With their Fusion Suit, JL Velo has attempted to combine all the benefits of a short sleeve skinsuit with a classic kit. Has it worked? After doing some racing and training in it, I can confidently say it has.
The fit of the Fusion Suit is very similar to that of a traditional short sleeve skinsuit. It hugs your skin perfectly without being too oppressive- something that many skinsuits nowadays feel like. With its unhemmed sleeves, it feels incredibly natural to wear. The legs on it have a similar cut to the sleeves, keeping your legs comfortable on longer rides. JL Velo equips the Fusion Suit with their Performance Road Chamois. I only had one issue with the fit of the skinsuit. The cut of the shorts rises a little bit higher than most traditional bib shorts, but after a few rides, I didn’t even notice.
At first glance, the Fusion Suit doesn’t look as airy and breathable as skinsuits like Castelli’s Speed Suit. However, after using it on multiple training days above 90 degrees, it is still as comfortable and breathable as my summer jerseys. It’s the only skinsuit I would consider racing in for early season cyclocross races, where comfort and breathability are key.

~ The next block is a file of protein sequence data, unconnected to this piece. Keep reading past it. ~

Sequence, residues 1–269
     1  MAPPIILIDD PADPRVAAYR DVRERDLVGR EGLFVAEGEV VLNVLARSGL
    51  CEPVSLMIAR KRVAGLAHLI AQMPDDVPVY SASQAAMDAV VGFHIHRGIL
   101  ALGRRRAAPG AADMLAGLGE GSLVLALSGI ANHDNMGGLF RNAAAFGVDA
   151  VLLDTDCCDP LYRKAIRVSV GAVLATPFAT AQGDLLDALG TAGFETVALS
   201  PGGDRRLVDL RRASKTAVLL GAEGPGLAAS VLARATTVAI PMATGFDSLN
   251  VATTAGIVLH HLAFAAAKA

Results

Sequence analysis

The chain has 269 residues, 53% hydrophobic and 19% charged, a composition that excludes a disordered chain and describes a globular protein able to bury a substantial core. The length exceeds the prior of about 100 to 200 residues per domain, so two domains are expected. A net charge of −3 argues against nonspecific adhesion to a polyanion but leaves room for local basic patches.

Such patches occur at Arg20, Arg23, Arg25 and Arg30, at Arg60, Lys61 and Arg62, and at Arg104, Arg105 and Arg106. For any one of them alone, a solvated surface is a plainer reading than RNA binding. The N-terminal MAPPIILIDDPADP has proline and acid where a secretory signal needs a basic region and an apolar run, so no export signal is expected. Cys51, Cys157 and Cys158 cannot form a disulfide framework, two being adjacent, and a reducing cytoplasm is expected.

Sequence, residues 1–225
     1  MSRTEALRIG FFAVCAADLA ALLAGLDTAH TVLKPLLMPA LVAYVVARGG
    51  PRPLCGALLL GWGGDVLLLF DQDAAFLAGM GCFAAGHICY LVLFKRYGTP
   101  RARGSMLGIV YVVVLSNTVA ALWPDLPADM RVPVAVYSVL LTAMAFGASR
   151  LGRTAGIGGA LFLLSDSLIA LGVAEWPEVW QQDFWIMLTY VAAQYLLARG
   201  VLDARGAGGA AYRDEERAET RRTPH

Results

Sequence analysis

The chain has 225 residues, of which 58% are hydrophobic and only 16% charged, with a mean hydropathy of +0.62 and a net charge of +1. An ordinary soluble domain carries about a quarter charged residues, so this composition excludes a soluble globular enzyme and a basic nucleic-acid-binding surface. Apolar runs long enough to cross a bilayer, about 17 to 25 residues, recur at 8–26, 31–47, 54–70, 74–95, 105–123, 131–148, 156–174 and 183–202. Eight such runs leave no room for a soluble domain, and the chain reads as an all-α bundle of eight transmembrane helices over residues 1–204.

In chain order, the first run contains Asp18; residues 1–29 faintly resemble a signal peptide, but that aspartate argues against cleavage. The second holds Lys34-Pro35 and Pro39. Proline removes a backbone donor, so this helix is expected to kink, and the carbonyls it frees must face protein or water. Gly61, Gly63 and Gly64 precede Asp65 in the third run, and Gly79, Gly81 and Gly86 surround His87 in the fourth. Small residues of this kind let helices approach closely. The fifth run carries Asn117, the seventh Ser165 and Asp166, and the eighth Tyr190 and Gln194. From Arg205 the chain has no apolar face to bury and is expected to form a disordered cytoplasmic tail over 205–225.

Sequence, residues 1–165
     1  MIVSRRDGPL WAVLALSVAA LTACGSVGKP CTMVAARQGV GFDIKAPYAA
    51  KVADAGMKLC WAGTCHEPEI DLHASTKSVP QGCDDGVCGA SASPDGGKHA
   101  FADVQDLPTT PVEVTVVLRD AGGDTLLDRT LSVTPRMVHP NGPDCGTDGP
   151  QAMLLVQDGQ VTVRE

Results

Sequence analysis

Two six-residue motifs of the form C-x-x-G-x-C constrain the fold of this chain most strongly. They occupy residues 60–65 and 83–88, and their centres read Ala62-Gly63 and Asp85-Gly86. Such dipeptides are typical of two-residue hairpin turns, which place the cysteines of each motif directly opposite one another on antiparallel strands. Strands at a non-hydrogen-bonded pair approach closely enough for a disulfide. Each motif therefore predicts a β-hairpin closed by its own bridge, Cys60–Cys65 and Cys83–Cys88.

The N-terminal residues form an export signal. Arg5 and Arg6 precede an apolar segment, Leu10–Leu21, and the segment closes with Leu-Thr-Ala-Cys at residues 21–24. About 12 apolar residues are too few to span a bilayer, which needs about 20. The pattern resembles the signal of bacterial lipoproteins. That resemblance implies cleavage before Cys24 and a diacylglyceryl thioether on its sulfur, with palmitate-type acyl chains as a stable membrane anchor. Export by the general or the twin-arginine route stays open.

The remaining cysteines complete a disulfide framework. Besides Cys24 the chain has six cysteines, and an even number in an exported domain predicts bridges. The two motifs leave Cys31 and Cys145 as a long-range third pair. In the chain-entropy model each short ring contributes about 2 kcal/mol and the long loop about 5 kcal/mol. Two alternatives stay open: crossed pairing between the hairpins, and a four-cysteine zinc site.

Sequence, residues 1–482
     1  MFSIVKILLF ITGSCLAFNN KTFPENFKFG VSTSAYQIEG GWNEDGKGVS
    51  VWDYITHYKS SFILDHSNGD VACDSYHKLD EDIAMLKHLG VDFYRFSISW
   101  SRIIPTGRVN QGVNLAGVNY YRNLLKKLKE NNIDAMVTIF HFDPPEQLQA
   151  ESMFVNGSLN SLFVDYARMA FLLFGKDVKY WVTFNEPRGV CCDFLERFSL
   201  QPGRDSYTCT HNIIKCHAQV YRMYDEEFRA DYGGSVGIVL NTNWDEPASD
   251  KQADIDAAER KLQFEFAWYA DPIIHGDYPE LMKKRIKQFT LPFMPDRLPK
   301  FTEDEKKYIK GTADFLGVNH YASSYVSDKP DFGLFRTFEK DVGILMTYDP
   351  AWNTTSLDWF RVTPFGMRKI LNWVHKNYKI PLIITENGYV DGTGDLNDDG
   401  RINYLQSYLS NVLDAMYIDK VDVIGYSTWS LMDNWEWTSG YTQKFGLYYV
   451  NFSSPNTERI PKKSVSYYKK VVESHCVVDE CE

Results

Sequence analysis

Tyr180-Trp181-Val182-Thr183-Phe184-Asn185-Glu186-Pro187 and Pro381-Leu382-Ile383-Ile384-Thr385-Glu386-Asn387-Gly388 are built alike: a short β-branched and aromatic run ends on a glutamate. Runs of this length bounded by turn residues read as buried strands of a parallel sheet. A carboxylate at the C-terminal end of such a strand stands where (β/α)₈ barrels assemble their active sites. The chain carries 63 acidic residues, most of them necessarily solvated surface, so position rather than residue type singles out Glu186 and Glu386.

There are other benefits to the Fusion Suit, including the two pockets on the back of the skinsuit, which are large enough to hold bottles and whatever gels you use on a ride, making the Fusion Suit a valid choice of outfit for a long road race. For me, the Fusion Suit earns a place in my regular kit rotation thanks to its comfortable fit and lightweight fabrics. The Fusion Suit is available in four different designs at JLVelo’s website. Plus, the Fusion Suit is available as a custom kit for your team or club and is part of JL Velo’s full line of custom products that have no minimum quantities and a fast turnaround time.
Cole Reece is a former junior national silver medalist and a Cat 1 on the track. He is currently in the Cinema and TV Production Program at Kutztown University. His love of cycling started as a child watching the Giro d’Italia. As of now, he’s semi-retired, a word which here means that he occasionally gets crushed in cross races.